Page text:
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Would you fly on this plane?

Discussion in 'off topic' started by Rack Kit, Mar 13, 2019.

  1. cctaylor

    cctaylor pfm Member

    Canada have now caught up with the rest of the world.
     
    Wilson likes this.
  2. Kraus

    Kraus Member

    I hope he told his chums to sell Boeing.
     
  3. cctaylor

    cctaylor pfm Member

    I feel much better now that they are grounded. Having read a lot of the pprune thread it confirms my concerns.

    Boeing have taken to using engineering trickery to try and overcome the aerodynamic problems caused by the new engines and the way they had to mount them. The solution they chose relies on a single sensor which in certain circumstances has total control over the aircraft pitch.
     
    andrewd and cutting42 like this.
  4. cutting42

    cutting42 Heading to Fish Hacker Erg \o/

    I was thinking about this and the fear element of flying vs statistical safety of it. The number of take off's per death is an interesting stat as the miles covered is less relevant generally, it is the number of take off and landing that count. It is I believe how airframes are aged, not by miles but cycles.
     
  5. Paul R

    Paul R pfm Member

    Wow.

    Why would icing conditions be the same at the nose as at the tail?

    It's noise. There is no good reason why having triple redundancy on this particular sensor would necessarily make the system safer. We do not know how the system works. Having redundancy on a critical system rather than single sensor makes more overt sense, but that is way off topic.

    A much more obvious question is why a system solely intended to ensure increasing stick movement is required to hold increasing angles of attack during a test flight should operate at all when there is no stick movement, no pitch change and continues to operate at very high (for the height) speeds. I think whatever causes these crashes have, it will be a cascade of conditions followed by pilot incompetency.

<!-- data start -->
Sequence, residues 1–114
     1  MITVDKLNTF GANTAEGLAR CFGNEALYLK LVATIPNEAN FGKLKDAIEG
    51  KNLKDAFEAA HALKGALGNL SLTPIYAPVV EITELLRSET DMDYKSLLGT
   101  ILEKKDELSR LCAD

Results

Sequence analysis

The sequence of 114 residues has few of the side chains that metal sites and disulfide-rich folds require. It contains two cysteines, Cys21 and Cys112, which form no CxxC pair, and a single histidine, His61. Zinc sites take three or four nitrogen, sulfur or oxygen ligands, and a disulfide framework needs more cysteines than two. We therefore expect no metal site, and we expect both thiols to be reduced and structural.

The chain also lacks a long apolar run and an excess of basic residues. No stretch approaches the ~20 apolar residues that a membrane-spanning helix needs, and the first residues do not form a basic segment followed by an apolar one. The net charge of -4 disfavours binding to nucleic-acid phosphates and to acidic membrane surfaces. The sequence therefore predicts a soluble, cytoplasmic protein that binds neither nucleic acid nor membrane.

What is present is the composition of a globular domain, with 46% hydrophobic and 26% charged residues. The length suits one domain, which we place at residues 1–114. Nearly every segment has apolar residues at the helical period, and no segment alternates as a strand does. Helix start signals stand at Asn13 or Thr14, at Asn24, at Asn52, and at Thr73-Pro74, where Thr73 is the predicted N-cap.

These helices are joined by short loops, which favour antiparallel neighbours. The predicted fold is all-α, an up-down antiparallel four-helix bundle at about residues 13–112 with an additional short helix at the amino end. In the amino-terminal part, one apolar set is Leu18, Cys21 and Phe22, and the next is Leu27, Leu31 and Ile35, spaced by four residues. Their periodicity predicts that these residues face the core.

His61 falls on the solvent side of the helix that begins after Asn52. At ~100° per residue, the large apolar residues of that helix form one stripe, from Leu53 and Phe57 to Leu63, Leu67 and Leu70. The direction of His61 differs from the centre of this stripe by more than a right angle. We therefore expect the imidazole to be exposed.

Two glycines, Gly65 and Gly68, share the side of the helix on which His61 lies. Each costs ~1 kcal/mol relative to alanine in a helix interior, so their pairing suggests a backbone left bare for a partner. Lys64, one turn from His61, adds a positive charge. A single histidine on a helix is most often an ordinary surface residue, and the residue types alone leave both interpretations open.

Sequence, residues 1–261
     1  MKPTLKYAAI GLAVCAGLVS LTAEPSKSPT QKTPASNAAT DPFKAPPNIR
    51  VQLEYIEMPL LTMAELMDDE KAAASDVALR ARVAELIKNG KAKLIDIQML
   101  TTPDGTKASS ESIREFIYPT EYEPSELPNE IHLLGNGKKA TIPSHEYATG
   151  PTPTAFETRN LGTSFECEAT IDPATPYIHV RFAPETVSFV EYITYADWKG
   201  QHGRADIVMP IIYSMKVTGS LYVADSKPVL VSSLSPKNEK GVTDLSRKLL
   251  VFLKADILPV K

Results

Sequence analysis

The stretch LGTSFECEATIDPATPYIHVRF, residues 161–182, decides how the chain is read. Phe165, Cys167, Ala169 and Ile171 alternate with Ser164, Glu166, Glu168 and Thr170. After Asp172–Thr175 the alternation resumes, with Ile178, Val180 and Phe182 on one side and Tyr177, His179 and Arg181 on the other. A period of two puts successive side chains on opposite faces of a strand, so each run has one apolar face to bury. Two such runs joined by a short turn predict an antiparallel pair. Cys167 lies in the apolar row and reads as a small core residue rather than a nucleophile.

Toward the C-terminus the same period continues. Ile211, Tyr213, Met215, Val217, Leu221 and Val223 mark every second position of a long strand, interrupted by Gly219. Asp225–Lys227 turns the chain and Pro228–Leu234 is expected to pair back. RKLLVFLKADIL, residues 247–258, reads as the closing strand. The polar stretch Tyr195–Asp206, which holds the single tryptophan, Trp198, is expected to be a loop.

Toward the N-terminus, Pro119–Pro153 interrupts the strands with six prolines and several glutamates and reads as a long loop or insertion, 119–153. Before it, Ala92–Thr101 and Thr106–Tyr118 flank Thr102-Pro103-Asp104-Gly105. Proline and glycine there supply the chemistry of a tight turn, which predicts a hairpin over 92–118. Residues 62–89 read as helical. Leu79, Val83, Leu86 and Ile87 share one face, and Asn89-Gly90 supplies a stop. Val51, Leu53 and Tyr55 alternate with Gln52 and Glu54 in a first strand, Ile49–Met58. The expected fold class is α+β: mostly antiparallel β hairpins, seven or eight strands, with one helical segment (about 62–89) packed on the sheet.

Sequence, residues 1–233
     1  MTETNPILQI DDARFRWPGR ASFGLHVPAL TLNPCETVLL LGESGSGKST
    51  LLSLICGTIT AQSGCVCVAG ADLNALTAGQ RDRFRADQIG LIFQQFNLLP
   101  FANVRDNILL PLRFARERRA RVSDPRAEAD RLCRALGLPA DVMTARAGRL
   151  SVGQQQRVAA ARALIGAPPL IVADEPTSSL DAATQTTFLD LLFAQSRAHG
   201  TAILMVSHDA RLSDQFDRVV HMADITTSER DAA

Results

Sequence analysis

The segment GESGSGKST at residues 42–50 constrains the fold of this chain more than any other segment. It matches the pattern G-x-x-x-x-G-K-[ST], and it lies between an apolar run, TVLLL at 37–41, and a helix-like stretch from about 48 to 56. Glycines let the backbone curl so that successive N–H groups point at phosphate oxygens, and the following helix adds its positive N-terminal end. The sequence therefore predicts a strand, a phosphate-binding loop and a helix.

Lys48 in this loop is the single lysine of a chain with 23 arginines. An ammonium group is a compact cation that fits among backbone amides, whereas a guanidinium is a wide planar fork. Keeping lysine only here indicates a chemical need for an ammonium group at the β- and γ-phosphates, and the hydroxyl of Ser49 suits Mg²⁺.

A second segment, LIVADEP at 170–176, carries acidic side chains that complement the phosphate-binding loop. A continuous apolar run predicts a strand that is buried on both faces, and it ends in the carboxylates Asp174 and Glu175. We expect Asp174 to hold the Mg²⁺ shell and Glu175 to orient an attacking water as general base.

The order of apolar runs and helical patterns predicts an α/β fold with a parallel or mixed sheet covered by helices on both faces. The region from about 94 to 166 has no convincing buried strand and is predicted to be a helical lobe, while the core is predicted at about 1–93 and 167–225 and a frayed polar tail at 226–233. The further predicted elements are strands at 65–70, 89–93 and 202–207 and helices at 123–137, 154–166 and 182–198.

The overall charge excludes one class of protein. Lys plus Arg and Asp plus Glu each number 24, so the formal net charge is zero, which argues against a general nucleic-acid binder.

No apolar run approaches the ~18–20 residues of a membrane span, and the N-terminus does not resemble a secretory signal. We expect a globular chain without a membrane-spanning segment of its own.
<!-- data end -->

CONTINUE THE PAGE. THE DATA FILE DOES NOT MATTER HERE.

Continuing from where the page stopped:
6. sean99

    sean99 pfm Member

    Old pilot joke:
    "Takeoffs are optional. Landings are mandatory. A good landing is one where everyone can walk away".

    And another
    "There are old pilots and there are bold pilots, but there are no old, bold pilots."

    My late father was a navigator back in the 4 crew days then a flight engineer.
     
  7. stevec67

    stevec67 pfm Member

    That makes a lot of sense. Takeoffs are the most dangerous bit because you are flat out and have no height to play with so fewer choices. Any bloody idiot can fly a working plane once it's in the air, I've done it and I haven't got a clue. I handed the stick back to the man who knew what he was doing for the landing, naturally.
     
  8. Mullardman

    Mullardman Moderately extreme...

    RE: Aircraft Safety Stats.

    As an old Psychology lecturer at Uni stated. " Your chances of dying in an aircrash may be less than 0.0000001%.. but, if you die in an air crash.. you are 100% dead."

    :)
     
  9. cutting42

    cutting42 Heading to Fish Hacker Erg \o/


    I found this table:

    [​IMG]

    Here

    Further thoughts. The comparison of cycles is also flawed as a car journey is just as dangerous throughout the journey as it is at the start or end, the mileage makes a difference as you have longer at risk from other road users, inattention etc.

    The risk level is also very different, as Mull states, if a plane crashes you are almost 100% going to die whereas if a car crashes the odds are considerable better. Most of us have been in a car crash and none of us have died yet!

    I guess that is why most comparisons use miles per death as it is relatively easy to compare but it is still an incomplete comparison.
     
  10. wacko

    wacko pfm Member

    Boeing have severely damaged their brand. To have Trump make a better decision is some achievement. They will lose $ billions of orders.
    Great for Airbus as the UK chooses to turn its back on the EU.
     
    Dozey likes this.
  11. Bob McC

    Bob McC Living the life of Riley

    Airbus have already said they will consider leaving the UK if we leave with no deal and that once we are out they will reconsider the financial viability of continuing to make any parts of new projects in the UK.
     
  12. stevec67

    stevec67 pfm Member

    Agreed. Similar considerations apply when you compare motorised traffic accidents with cycling or pedestrians, do you use per hour or per mile? The difference in speed makes them very different, before you even think about different severity. Risk perception is fascinating, rock climbing is viewed as a very dangerous sport practiced by daredevils who are unlikely to see 30. I'm a lifelong climber, I have 3 prematurely dead climbing friends. One in a car, one a motorcycle, one failed abseil while climbing. My closest approach to death was when my bicycle was in collision with a car. Yet it's climbers who are the crazy risk takers.